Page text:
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Georgia Warranty Deed

Georgia statutes do not provide a statutory form for a warranty deed; however, if a deed is sufficient in itself to make known the transaction between the parties, no want of form will invalidate it ( 44-5-33). In a warranty deed, a general warranty of title against the claims of all persons includes covenants of a right to sell, of quiet enjoyment, and of freedom from encumbrances ( 44-5-62). In a general warranty deed in Georgia, a general warranty of title against the claims of all persons covers defects in the title, even if they are known to the purchaser at the time he or she takes the deed ( 44-5-63).

Before a deed can be recorded in this state, it must be signed by the grantor and attested or acknowledged as required by law ( 44-2-14). To authorize the recording of a warranty deed executed in a state other than Georgia, it must be attested or acknowledged before one of the officers listed in 44-2-21 and must also be attested by two witnesses, one of whom may be one of the officers taking acknowledgements (44-2-21). If the warranty deed has been executed in Georgia, it may be attested by a judge of a court of record, including a judge of a municipal court, or by a magistrate, a notary public, or a clerk or deputy clerk of a superior court or of a city court created by a special act of the General Assembly. With the exception of notaries public and judges of courts of record, such officers may only attest such instruments only in the county in which they respectively hold their offices ( 44-2-15). Warranty deeds executed in Georgia must also have two witnesses. In order to record a warranty deed, it must be accompanied by a completed real estate transfer tax form when it is submitted to the clerk of the superior court.

Every deed conveying lands, such as a warranty deed, should be recorded in the office of the clerk of the superior court of the county where the real property is located. Recording can take place at any time, but a prior unrecorded deed will lose its priority over a subsequent recorded deed from the same vendor when the purchaser takes such deed without notice of the existence of the prior deed ( 44-2-1). This is known as a race-notice recording act. Warranty deeds that are required by law to be recorded in the office of the clerk of the superior court and which are against the interests of third parties who have acquired a transfer or lien binding the same property and who are acting in good faith and without notice will take effect only from the time they are filed for record in the clerk's office in the county where the property is located ( 44-2-2b).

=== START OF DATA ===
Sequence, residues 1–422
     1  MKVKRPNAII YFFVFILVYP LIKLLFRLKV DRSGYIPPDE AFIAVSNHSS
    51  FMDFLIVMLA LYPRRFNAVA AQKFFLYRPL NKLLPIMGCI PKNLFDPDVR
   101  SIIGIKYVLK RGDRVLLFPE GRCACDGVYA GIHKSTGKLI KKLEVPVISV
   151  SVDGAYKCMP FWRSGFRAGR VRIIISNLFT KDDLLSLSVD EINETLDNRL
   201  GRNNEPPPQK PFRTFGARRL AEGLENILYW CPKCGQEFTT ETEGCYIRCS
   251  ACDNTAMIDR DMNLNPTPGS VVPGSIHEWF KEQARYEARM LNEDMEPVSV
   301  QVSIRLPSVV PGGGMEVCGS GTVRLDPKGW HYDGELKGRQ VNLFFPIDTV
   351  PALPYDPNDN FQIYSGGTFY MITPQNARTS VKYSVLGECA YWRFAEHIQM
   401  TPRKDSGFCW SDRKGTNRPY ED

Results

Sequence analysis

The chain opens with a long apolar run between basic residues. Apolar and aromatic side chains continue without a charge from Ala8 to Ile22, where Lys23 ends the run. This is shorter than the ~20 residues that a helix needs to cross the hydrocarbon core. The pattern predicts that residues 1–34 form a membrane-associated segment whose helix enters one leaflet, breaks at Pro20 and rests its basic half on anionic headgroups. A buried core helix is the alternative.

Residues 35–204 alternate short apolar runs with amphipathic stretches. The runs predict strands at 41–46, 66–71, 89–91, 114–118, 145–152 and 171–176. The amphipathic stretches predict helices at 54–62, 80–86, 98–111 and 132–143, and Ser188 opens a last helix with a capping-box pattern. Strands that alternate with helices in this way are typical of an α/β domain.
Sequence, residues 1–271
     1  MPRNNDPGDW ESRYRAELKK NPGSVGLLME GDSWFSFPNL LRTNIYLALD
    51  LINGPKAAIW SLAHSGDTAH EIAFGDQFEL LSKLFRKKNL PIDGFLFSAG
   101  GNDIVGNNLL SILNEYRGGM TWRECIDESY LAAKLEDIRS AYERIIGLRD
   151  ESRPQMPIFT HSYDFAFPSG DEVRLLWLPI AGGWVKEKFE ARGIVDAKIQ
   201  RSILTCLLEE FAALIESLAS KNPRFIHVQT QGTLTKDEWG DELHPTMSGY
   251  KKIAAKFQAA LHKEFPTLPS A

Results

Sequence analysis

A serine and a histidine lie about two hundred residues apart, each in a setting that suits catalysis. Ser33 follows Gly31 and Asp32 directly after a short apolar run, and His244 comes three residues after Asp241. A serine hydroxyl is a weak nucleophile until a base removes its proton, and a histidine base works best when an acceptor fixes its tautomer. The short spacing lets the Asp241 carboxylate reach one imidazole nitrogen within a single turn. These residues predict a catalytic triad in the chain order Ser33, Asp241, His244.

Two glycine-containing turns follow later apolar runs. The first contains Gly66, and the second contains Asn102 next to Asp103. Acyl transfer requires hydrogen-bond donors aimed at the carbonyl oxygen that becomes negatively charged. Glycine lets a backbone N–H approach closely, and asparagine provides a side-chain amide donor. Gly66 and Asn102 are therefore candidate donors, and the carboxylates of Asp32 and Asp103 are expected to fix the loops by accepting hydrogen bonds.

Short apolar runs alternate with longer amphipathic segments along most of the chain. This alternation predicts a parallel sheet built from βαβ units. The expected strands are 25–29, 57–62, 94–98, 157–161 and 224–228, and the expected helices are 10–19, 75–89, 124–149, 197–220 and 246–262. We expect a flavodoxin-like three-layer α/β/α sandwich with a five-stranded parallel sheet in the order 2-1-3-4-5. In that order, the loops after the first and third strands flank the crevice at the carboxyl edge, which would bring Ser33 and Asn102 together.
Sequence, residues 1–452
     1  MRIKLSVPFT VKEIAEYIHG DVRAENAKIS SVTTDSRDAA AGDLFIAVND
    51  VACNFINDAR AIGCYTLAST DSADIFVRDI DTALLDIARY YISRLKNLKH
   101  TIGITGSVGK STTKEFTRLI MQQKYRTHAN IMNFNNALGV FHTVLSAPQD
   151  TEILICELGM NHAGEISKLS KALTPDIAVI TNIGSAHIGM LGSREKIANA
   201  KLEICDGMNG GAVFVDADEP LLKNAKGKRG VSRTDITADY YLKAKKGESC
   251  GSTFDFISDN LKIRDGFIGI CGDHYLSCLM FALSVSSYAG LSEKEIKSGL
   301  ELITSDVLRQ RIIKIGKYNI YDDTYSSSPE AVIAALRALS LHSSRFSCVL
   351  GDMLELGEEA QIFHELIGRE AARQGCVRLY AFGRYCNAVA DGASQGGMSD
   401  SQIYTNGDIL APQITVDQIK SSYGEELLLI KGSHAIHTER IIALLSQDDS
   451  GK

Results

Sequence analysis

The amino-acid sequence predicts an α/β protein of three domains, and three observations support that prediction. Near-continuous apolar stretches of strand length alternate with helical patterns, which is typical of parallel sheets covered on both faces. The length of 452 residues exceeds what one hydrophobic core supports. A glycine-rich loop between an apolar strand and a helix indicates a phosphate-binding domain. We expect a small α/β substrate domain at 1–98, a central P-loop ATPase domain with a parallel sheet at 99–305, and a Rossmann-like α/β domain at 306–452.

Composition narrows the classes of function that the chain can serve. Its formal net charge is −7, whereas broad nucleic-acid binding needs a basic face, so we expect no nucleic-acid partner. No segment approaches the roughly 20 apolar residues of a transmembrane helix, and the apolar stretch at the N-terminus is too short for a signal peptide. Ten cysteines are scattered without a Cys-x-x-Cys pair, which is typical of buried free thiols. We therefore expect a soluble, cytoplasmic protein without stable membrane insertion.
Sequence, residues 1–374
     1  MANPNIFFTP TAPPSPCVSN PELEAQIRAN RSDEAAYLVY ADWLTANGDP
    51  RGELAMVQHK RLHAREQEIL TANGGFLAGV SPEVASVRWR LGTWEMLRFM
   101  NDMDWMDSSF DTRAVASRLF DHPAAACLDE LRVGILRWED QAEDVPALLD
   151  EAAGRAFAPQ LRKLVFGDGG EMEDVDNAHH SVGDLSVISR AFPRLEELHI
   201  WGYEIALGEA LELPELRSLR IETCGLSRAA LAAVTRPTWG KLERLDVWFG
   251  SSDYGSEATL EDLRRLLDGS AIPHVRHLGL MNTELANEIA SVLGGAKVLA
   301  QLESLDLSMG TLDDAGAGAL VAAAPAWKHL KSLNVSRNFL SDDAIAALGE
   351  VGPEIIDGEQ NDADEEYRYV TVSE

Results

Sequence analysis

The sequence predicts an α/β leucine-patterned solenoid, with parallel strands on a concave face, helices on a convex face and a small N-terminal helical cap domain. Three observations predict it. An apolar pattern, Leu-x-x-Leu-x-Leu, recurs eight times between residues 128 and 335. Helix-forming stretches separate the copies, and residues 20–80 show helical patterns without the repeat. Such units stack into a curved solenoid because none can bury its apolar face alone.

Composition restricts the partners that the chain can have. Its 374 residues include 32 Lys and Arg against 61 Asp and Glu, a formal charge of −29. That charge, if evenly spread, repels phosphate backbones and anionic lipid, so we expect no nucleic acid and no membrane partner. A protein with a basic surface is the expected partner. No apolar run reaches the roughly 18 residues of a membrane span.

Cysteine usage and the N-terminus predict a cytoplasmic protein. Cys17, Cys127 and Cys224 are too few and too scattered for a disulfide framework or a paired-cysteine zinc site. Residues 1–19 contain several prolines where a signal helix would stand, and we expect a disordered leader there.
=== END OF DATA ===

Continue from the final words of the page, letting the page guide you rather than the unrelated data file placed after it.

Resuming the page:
Deeds.com Georgia Warranty Deed Forms Have Been Updated as Recently as Tuesday March 19, 2019

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A. S. said: First, I am glad that you gave a blank copy, an example copy, and a 'guide'. It made it much easier to do. Overall I was very happy with your products and organization... however, things got pretty confusing and I have a pretty 'serious' law background in Real Estate and Civil law. With that said, I spent about 10+ hours getting my work done, using the Deed of Trust and Promissory note from you and there were a few problems: First, it would be FANTASTIC if you actually aligned your guide to actually match the Deed or Promissory Note. What I mean is that if the Deed says 'section (E)' then your guide shouldn't be 'randomly' numbered as 1,2,3, for advice/instructions, but should EXACTLY match 'section (E)'. Some places you have to 'hunt' for what you are looking for, and if you did it based on my suggestion, you wouldn't need to 'hunt' and it would avoid confusion. 2nd: This one really 'hurt'... you had something called the 'Deed of Trust Master Form' yet you had basically no information on what it was or how to use it. The only information you had was a small section at the top of the 'Short Form Deed of Trust Guide'. Holy Cow, was that 'section' super confusing. I still don't know if I did it correctly, but your guide says only put a return address on it and leave the rest of the 16 or so page Deed of Trust beneath it blank... and then include your 'Deed of Trust' (I had to assume the short form deed that I had just created) as part of it. I had to assume that I had to print off the entire 17 page or so title page and blank deed. I also had to assume that the promissory note was supposed to be EXHIBIT A or B on the Short Form Deed. It would be great if someone would take a serious look at that short section in your 'Short Form Deed of Trust Guide' and realize that those of us using your products are seriously turning this into a county clerk to file and that most of us, probably already have a property that has an existing Deed... or at least can find one in the county records if necessary... and make sure that you make a distinction between the Deed for the property that already exists, versus the Deed of Trust and Promissory note that we are trying to file. Thanks.

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Georgia Warranty Deed Form